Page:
Promising results of a multicenter phase I study of bb2121 were recently reported [14]. Bb2121 consists of CAR T cells transduced with a lentiviral vector encoding an anti-BCMA single-chain variable fragment (scFv). In Bb2121, 4-1BB was used for costimulatory molecules. Patients with relapsed and refractory MM who had received ≥ 3 prior lines of therapy, including a proteasome inhibitor and an immunomodulatory drug, were enrolled. Pre-conditioning with fludarabine and Cy was performed before injection of bb2121. Patients were administered bb2121 as a single infusion at doses of 50 × 106, 150 × 106, 450 × 106, or 800 × 106 CAR-positive T cells in the dose-escalation phase, and 150 × 106 to 450 × 106 CAR+ T cells in the expansion phase. The response rate was 85%, including 15 patients (45%) with complete responses. Relapse was observed in six out of the 15 patients who had a complete response. The median progression-free survival (PFS) was 11.8 months. MRD (≤10−4 nucleated cells) was not detected in all 16 responders (partial response or better). In two patients, severe CRS (grade 3) occurred (6%), but all patients recovered from CRS. There were no grade 4 or 5 CRS events. Grade 4 neurotoxicity was observed in one patient (3%).
LCAR-B38M, a dual-epitope binding CAR T-cell therapy was developed by Nanjing Legend Biotech in China. Recently, the results of the first clinical trial were reported [15]. This CAR recognizes two independent epitopes in BCMA. LCAR-B38M were infused to 17 patients with relapsed/refractory MM. Stringent complete response (sCR) was achieved in 13 patients, and very good partial response (VGPR) was achieved in two patients. Eight patients remained sCR with a median follow-up of 417 days. CRS occurred in six patients but were manageable, while one patient died of severe toxic reaction.
In Memorial Sloan Kettering, MCARH171, which is composed of a CD3ζ and 4-1BB stimulatory domains, and an anti-BCMA scFV, was tested. In two of five patients who received the high dose (>450 × 106 cells) of MCARH171, continuous very good PR was observed [16].
In Tongji Hospital of Tongji Medical College, BRD015, a BCMA-targeted CAR-T product containing a murine anti-BCMA scFv and CD28 were tested. In the patients with high BCMA expression, the ORRs were 87% (73% CR) [17].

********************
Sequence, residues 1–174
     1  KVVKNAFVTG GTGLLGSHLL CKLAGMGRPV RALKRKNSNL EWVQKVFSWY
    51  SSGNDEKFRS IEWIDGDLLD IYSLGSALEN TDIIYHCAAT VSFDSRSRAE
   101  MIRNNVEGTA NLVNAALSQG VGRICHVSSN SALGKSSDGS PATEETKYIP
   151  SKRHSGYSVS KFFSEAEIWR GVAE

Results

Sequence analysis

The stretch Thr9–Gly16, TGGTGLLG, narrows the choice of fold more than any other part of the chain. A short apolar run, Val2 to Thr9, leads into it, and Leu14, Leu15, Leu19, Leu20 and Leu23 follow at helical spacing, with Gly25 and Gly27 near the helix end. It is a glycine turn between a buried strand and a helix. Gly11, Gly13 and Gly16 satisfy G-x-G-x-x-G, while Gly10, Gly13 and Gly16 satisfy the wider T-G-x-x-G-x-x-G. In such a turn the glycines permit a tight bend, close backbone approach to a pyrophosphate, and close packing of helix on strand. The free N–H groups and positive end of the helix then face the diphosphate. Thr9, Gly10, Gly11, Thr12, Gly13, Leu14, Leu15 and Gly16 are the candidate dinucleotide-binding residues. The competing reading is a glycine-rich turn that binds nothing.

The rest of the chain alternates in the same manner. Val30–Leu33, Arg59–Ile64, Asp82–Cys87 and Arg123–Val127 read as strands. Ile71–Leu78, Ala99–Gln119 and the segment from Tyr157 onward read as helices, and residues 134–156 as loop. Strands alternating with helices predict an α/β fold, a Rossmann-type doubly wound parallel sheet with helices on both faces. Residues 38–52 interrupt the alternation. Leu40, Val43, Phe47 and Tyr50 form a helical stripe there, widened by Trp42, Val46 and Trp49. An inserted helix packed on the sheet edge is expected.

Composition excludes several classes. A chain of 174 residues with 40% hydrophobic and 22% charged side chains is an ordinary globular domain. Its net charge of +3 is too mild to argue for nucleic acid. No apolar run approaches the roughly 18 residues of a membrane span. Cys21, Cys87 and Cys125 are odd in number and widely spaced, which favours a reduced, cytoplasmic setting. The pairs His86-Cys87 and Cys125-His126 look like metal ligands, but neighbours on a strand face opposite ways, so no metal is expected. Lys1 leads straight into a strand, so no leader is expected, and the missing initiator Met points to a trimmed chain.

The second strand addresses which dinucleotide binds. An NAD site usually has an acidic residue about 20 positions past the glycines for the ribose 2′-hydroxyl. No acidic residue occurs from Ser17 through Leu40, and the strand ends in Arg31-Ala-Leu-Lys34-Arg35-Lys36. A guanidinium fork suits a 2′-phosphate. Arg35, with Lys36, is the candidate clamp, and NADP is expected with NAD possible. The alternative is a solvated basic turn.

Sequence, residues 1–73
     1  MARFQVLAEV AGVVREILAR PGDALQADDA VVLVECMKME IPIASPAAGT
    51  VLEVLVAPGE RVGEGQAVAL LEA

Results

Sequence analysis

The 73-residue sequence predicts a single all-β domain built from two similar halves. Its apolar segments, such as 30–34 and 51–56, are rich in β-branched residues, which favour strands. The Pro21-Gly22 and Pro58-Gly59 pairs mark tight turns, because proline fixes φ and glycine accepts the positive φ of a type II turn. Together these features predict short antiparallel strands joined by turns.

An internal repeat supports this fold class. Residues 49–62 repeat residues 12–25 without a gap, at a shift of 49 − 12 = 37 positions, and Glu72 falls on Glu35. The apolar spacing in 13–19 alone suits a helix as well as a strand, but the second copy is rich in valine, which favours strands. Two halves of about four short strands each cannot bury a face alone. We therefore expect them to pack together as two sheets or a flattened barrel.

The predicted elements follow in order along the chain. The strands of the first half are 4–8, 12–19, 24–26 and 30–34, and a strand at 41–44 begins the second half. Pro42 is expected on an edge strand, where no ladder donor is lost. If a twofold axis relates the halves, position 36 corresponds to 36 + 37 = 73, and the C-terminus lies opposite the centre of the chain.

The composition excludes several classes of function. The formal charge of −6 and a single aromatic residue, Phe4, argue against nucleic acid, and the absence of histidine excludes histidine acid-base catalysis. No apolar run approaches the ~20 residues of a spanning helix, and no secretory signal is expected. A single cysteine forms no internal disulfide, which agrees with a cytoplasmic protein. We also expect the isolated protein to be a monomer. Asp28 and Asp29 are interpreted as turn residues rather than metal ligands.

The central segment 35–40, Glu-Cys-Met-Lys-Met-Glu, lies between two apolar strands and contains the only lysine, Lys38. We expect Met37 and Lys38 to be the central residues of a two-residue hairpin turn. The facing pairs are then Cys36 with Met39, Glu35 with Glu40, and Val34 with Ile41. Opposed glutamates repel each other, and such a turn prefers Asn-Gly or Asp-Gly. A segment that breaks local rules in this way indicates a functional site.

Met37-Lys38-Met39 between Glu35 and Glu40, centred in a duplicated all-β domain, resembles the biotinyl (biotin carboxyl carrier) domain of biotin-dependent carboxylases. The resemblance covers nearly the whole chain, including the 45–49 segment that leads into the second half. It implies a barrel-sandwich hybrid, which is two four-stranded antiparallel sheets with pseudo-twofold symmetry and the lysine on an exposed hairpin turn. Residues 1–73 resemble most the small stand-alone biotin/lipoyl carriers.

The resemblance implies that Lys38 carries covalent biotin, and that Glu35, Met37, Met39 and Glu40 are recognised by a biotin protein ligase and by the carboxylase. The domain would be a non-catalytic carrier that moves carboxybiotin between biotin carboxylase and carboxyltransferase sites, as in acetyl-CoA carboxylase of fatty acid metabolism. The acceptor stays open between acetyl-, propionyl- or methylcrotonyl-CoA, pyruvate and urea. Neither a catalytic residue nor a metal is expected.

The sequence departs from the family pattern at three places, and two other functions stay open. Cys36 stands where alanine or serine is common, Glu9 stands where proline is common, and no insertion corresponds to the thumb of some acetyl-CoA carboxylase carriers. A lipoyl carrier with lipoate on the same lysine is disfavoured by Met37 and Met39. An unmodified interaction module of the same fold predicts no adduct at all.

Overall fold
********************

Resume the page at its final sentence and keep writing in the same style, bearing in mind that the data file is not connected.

All of these trials clearly demonstrate that CAR T cells targeting BCMA is effective against relapsed/refractory MM. The frequencies of severe CRS and neurotoxicity are comparable to those observed in CD19 CAR T-cell therapy. These results suggest that BCMA CAR T-cell therapy is promising for relapsed/refractory MM. However, thus far, the long term efficacy of BCMA CAR T-cell is unsatisfactory, and curing MM is still difficult. Therefore, several researchers including us are now searching for additional targets.
The mechanisms for relapse after BCMA CAR T-cell therapy is now being analyzed extensively. One major mechanism is obviously the escape of BCMAlow MM cells. To enhance the expression of BCMA on the cell surface, gamma secretase inhibitor may be useful for inhibiting shedding of BCMA from cell surface [20]. Another reason for the relapse is short persistence of BCMA CAR T-cells in vivo. Many researchers are now trying to develop CAR T-cells that has the potential to persist for longer period in vivo. Recent findings about the mechanisms for T cell exhaustion [21,22,23,24] may be helpful for developing such CAR T-cells.

3. CD19-Positive B Cells as Candidates for Therapeutic Targets to Cure MM

The origin of MM is still controversial. Variable regions of MM plasma cells have somatic hyper-mutations, but do not have varieties in the mutation in a patient, suggesting that MM clones are derived from post-germinal center B cells [25]. It has been also shown that clonotypic B cells that share immunoglobulin sequences with MM cells can be detected in MM patients, and are sometimes expanded extensively [26,27]. MM disease could be reconstituted in immune-deficient mice transplanted with CD19+ B cells from some MM patients, suggesting that MM stem cells may exist in the CD19+ B cell population [28]. However, following reports showed that reconstitution of MM disease were rarely observed upon transplantation of the CD19+ B cells from MM patients into the mice, while reconstitution of MM disease by transplantation with CD19-CD38high MM plasma cells from many patients was observed in SCID-hu or SCID-rab model [29,30]. Although thus far, we do not have evidence showing that CD19+ clonotypic B cells are MM stem or progenitor cells in most MM patients, it should be noted that the lack of engraftment of CD19+ clonotypic B cells in immune-deficient mice does not necessarily mean that those cells are not MM stem or precursor cells. It is certainly true that clonotypic B cells sharing immunoglobulin sequences with MM cells exist in MM patients, and those cells are still candidates for MM precursor cells. Clinical efficacy of CAR T cells that can target CD19+ clonotypic B cells in MM patients may tell us the significance of CD19+ clonotypic B cells for maintaining MM clones.

4. Clinical Trial of CAR T-Cell Therapy Targeting CD19